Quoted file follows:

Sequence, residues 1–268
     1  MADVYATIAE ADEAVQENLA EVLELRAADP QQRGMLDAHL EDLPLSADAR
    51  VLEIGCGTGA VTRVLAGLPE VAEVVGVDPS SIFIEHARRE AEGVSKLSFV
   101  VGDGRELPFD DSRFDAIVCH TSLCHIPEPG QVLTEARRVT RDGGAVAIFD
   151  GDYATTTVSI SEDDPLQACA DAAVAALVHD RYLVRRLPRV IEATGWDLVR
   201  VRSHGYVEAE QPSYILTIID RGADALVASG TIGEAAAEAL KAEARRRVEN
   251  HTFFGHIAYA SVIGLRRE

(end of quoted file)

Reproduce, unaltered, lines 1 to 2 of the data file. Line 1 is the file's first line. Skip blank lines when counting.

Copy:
Sequence, residues 1–268
     1  MADVYATIAE ADEAVQENLA EVLELRAADP QQRGMLDAHL EDLPLSADAR